David Norse, who you may also know as the first openly gay Presbyterian minister to be ordained in Philadelphia, won a story slam hosted by national storytelling podcast The Moth Monday night at World Cafe Live. Even better? He won with his coming-out story. He explains the experience:
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R. Eric Thomas‘s most definitive life moments can be summarized by the songs of Patti LaBelle and Beyonce.
If you personally know the comedic storyteller, this isn’t news. However, when Thomas shares his fascination with “New Attitude” and “Get Me Bodied” with a room full of strangers, it’s, well, special. Now Philadelphians will have the chance to discover what’s been billed as “the best rock and roll storytelling event in New York” by Flavorpill; The Soundtrack Series is coming to Tin Angel on July 11, and it’s hosts, the incomparable Dana Rossi and Philadelphia’s own Thomas, promise to make this one music-inspired night that’ll keep you laughing and entertained. Read more »
After a sold-out stint of workshops in June, Elna Baker of This American Life returns to Philadelphia for a much-anticipated series of classes at First Person Arts titled From Good to Great: The Craft and Business of Storytelling. Read more »
To be named “Best Storyteller in Philadelphia” is not an easy task. Yet, Steve Clark has won the title, not once, but twice: the Philadelphian has taken home the crown from First Person Arts two consecutive years in a row (2013 and 2014). We had the chance to sit down with the superstar storyteller to learn how he works his magic to charm audiences with his tales (we’ve also got his winning story on video for you).
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We recommend checking out these events going on around Philly this week:
The Phillies is hosting its annual fundraising day at Citizens Bank Park this Monday. Fans of all ages can take pictures with some of their favorite players while enjoying a host of games across the field. Those looking to channel their inner Steve Carlton can also sign up to take a few throws in the bullpens. A silent auction will round out the phestivities. All of the money will go to help strike out ALS, the neuromuscular condition commonly known as Lou Gehrig’s Disease. Monday, May 19th, 4:30 p.m., Citizens Bank Park, 1 Citizens Bank Way.
In a story slam local poets and artists deliver five-minute narratives built around a given theme. More than a storytelling competition, these artists invite listeners into their lives with passionate and real anecdotes. Expect a unique experience connecting with others as local raconteurs offer an intimate glance into their personal lives. All of the stories Monday night will be based on the theme of “Busted.” Monday, May 19th, 7:30, World Café Live, 3025 Walnut Street.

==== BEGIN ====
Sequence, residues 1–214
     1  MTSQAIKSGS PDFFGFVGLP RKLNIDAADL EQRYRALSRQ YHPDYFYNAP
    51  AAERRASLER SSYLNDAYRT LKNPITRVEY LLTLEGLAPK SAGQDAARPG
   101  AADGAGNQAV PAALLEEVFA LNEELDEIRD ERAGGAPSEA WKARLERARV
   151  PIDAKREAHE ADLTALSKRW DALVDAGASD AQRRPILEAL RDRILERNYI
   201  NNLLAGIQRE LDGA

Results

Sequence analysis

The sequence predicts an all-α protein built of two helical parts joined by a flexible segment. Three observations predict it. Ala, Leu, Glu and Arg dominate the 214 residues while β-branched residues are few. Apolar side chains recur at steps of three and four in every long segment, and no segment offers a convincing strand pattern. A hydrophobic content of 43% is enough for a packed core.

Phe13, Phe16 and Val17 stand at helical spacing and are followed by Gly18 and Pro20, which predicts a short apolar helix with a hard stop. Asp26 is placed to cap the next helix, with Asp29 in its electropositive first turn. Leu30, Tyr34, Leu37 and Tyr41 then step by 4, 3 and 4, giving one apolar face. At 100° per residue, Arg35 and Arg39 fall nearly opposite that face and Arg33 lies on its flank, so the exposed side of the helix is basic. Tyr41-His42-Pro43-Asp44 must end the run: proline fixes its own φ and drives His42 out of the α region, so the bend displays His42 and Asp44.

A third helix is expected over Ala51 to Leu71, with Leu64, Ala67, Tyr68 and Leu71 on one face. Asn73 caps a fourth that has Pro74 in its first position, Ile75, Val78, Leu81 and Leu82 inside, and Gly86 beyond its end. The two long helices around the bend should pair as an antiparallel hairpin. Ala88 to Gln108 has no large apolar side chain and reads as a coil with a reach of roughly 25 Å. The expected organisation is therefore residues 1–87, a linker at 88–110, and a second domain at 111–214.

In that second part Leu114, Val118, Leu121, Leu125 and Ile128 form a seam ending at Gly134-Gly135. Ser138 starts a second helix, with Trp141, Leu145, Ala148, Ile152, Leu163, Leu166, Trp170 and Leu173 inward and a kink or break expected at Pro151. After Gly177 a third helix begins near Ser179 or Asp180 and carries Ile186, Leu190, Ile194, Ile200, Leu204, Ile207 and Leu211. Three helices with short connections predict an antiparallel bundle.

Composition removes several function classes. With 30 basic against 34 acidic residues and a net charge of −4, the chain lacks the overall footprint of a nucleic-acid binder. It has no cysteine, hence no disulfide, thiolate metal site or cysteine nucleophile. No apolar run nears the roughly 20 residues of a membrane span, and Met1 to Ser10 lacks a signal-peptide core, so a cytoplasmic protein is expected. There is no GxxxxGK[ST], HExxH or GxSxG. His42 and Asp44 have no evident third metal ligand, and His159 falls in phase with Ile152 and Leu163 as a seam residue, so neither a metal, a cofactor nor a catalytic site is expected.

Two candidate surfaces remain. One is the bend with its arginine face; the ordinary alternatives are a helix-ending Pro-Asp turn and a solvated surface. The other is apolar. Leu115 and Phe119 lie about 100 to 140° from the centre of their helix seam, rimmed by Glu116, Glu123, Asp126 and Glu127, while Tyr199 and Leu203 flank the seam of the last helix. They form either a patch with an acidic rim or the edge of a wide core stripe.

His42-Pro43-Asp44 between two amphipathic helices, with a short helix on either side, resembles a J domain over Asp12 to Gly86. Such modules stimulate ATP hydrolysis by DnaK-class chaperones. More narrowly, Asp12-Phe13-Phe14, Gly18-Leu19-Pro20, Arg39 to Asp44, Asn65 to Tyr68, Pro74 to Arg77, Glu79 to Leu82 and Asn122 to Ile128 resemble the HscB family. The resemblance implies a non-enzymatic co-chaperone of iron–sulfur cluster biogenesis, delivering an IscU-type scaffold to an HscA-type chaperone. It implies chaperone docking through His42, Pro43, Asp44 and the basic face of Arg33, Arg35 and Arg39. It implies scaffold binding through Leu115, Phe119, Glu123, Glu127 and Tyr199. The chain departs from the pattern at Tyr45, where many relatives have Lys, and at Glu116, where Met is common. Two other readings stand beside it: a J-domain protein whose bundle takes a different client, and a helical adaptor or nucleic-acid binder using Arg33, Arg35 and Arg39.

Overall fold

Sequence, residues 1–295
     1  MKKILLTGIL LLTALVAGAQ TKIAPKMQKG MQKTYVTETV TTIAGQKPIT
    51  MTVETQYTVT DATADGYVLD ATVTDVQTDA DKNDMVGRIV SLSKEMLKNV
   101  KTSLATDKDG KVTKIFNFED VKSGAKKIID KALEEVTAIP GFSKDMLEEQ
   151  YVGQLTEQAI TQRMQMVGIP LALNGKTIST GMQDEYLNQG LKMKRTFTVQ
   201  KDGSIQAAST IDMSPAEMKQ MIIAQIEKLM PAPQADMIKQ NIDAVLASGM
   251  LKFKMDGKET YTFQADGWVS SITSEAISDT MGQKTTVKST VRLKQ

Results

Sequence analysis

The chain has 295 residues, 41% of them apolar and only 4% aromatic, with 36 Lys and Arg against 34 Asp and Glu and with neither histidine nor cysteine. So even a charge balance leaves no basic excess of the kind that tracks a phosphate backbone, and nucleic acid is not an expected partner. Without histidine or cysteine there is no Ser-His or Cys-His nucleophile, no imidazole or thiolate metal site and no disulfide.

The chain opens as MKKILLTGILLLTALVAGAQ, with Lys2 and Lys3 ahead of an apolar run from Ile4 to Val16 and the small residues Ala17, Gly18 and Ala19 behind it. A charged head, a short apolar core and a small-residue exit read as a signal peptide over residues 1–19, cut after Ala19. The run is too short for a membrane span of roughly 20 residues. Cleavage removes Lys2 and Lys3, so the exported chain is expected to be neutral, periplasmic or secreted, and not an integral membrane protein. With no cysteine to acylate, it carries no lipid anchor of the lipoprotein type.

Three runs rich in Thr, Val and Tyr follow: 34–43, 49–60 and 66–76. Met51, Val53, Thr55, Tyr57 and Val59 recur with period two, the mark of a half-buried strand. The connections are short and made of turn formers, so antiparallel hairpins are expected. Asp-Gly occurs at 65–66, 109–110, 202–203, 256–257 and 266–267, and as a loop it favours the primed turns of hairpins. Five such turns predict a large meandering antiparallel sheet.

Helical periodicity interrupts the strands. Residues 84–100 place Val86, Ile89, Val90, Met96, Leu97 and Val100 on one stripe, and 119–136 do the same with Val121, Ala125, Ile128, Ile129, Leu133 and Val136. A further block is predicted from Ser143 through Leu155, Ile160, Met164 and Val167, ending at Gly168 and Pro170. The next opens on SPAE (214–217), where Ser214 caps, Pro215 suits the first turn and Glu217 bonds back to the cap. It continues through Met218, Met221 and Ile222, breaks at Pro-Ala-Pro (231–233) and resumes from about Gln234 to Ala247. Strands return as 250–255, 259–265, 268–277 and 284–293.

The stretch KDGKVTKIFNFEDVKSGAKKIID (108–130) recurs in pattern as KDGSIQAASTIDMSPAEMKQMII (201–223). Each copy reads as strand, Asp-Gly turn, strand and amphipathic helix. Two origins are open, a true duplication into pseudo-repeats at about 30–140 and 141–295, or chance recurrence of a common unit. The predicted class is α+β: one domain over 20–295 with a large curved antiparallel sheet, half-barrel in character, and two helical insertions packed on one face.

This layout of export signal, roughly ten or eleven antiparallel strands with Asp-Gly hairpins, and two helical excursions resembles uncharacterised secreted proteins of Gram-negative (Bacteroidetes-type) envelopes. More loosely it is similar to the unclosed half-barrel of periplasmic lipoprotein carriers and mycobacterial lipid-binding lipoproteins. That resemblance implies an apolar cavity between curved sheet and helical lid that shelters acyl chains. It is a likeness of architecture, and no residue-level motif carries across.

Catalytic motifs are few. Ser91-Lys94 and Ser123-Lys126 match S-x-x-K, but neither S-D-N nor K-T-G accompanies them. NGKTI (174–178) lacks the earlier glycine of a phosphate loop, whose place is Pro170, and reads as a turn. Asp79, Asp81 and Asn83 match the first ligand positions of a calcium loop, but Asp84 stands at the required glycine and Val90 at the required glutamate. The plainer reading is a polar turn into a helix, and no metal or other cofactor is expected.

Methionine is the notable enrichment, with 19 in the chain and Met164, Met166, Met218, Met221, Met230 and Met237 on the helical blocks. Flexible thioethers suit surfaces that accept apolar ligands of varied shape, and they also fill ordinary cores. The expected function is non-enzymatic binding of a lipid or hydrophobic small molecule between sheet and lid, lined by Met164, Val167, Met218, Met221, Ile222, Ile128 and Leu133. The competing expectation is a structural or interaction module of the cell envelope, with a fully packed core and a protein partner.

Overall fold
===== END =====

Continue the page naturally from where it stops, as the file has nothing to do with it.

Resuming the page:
Get a look behind the curtain of an actual performing group at this exclusive open rehearsal. Two aspiring playwrights and two actors will bounce ideas off each other, channeling new means for inspiration and playing with different creative techniques. See the artistic process on full display with this behind-the-scenes glimpse into theater production. Monday, May 19th, 8 p.m., Plays and Players Theater, 1714 Delancey Street.
Only 1 in 10 registered voters went to the polls last election. That's just crazy. No matter what your politics, make your voice heard on Primary Election Day in Philadelphia. Check out Committee of Seventy for a great rundown of local elections, and its superb polling-place finder. Also keep track of the day's election coverage via Philly Mag's news blog. Tuesday, May 20, 7 a.m. to 7 p.m., various locations.
Performers and audience members are welcome to join World Cafe Live on January 19th for their open stage night. Performers are given two-song performance slots and a panel will judge them for a chance to win some prizes. A great opportunity if you’re looking to check out emerging local talent—and perhaps the next Voice star. January 19th, 6:30 pm for signups and 7pm for performances, World Cafe Live , 3025 Walnut Street.
From Be Well Philly: This Wednesday, Bryn Mawr Running Company’s Bryn Mawr location is hosting a Prediction Run, sponsored by Brooks. The idea is this: Leave your Garmin at home, and try to predict your finish time for either a five-, seven- or 10-mile course. The 10 people who finish closest to their predicted finish time will win shoes, clothes and other prizes from Brooks. The run costs just $5. Runners will gather at the Bryn Mawr store (828 West Lancaster Avenue) at 6 p.m., and leave by 6:15. More here.